World Mission Sunday is also the launch of the Global Mission Digital Toolkit. A collaboration between The Episcopal Church Office of Global Partnerships (OGP), the Global Episcopal Mission Network (GEMN), and the Standing Commission on World Mission (SCWM), this toolkit explores The Episcopal Church teaching that the mission of the church is “to restore all people to unity with God and each other in Christ” (Book of Common Prayer, p 855) in a global context and offers resources to help Episcopalians live into this teaching. The project collaboration is supported by a generous grant from the Constable Fund.
The toolkit is intended for individuals, small groups, congregations, dioceses, and our partners across the Anglican Communion. The lens of the toolkit focuses on The Way of Love, Practices for a Jesus-Centered Life and the Standing Commission’s Guiding Principles for World Mission. These principles have guided the work of the Standing Commission on World Mission in this triennium and will be proposed for adoption at the next General Convention.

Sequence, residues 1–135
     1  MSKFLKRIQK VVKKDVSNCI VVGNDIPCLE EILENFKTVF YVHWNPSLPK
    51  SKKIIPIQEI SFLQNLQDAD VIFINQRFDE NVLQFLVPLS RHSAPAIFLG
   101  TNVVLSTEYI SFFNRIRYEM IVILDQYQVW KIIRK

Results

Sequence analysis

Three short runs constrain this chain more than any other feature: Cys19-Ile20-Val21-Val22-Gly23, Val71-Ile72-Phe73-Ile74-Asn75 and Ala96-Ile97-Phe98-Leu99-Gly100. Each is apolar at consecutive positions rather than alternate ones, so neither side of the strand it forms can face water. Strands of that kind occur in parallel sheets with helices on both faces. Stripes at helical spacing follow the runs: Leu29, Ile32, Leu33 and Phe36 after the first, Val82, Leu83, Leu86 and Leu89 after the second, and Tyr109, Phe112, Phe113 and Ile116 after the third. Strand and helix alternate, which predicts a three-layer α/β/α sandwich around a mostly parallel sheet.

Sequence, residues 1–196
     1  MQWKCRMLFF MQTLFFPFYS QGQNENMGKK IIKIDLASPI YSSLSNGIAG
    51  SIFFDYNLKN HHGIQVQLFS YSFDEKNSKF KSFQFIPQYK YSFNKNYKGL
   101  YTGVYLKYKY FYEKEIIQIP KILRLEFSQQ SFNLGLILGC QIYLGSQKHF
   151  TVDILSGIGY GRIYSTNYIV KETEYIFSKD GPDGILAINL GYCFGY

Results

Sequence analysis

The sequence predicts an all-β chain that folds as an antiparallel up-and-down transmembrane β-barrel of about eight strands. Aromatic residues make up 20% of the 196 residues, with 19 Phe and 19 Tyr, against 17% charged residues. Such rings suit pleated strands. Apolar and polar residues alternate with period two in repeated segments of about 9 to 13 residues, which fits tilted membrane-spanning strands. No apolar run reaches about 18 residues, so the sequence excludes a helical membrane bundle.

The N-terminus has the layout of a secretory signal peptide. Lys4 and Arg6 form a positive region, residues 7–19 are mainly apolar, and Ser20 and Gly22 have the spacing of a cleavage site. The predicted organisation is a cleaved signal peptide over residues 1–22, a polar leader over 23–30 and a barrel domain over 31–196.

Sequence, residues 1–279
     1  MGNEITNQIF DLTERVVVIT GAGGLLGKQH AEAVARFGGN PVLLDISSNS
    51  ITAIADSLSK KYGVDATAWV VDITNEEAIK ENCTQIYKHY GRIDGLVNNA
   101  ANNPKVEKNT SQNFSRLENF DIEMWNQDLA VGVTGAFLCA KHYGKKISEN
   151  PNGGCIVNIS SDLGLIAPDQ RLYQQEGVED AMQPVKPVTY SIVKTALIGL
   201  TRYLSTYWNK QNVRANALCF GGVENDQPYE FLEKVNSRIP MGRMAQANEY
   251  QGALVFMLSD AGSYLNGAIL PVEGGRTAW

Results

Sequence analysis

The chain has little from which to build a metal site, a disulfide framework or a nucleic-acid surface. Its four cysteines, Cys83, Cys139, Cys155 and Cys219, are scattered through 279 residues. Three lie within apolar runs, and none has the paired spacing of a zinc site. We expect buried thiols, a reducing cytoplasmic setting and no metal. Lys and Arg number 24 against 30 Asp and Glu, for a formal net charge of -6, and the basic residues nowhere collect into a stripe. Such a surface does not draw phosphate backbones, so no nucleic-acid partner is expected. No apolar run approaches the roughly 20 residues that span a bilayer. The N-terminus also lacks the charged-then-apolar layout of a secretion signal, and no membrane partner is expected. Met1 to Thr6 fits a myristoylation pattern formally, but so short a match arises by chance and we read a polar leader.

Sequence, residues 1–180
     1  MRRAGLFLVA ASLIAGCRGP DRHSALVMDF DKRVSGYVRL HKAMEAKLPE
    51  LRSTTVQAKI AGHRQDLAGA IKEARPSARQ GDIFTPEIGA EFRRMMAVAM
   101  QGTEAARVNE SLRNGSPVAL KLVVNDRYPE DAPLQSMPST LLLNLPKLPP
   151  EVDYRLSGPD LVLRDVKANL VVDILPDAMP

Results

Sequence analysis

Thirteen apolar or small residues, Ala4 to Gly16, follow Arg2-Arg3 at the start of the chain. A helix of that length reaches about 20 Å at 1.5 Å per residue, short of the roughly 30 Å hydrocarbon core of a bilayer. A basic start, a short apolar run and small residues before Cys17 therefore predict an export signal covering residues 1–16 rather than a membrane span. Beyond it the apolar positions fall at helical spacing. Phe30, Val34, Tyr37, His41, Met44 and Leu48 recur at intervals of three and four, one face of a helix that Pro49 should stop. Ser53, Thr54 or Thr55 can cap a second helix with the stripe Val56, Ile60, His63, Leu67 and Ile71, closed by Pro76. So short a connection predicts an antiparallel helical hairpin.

The toolkit includes webinars, videos, downloadable PDFs, articles, and other online resources. These resources explore the biblical, theological, historical, ecclesial, and cultural dimensions of God’s call to global mission. The materials also highlight the sacred truth that world mission means being present with others, as Jesus became incarnate and was present with us, and that as companions in mission, we are open to one another, learn from one another, and are transformed as we reach a deeper understanding of what it means to be Christians together, even across boundaries that might otherwise divide.